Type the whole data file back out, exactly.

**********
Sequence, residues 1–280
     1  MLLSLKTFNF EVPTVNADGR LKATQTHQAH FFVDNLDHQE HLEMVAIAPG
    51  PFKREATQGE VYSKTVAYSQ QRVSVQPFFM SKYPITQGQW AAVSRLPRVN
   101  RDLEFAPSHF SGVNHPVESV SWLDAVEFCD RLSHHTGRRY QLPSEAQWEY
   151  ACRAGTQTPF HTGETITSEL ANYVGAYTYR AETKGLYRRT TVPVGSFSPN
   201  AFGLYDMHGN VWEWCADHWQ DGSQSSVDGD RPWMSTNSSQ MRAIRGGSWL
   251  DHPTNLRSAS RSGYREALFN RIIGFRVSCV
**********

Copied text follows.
Sequence, residues 1–280
     1  MLLSLKTFNF EVPTVNADGR LKATQTHQAH FFVDNLDHQE HLEMVAIAPG
    51  PFKREATQGE VYSKTVAYSQ QRVSVQPFFM SKYPITQGQW AAVSRLPRVN
   101  RDLEFAPSHF SGVNHPVESV SWLDAVEFCD RLSHHTGRRY QLPSEAQWEY
   151  ACRAGTQTPF HTGETITSEL ANYVGAYTYR AETKGLYRRT TVPVGSFSPN
   201  AFGLYDMHGN VWEWCADHWQ DGSQSSVDGD RPWMSTNSSQ MRAIRGGSWL
   251  DHPTNLRSAS RSGYREALFN RIIGFRVSCV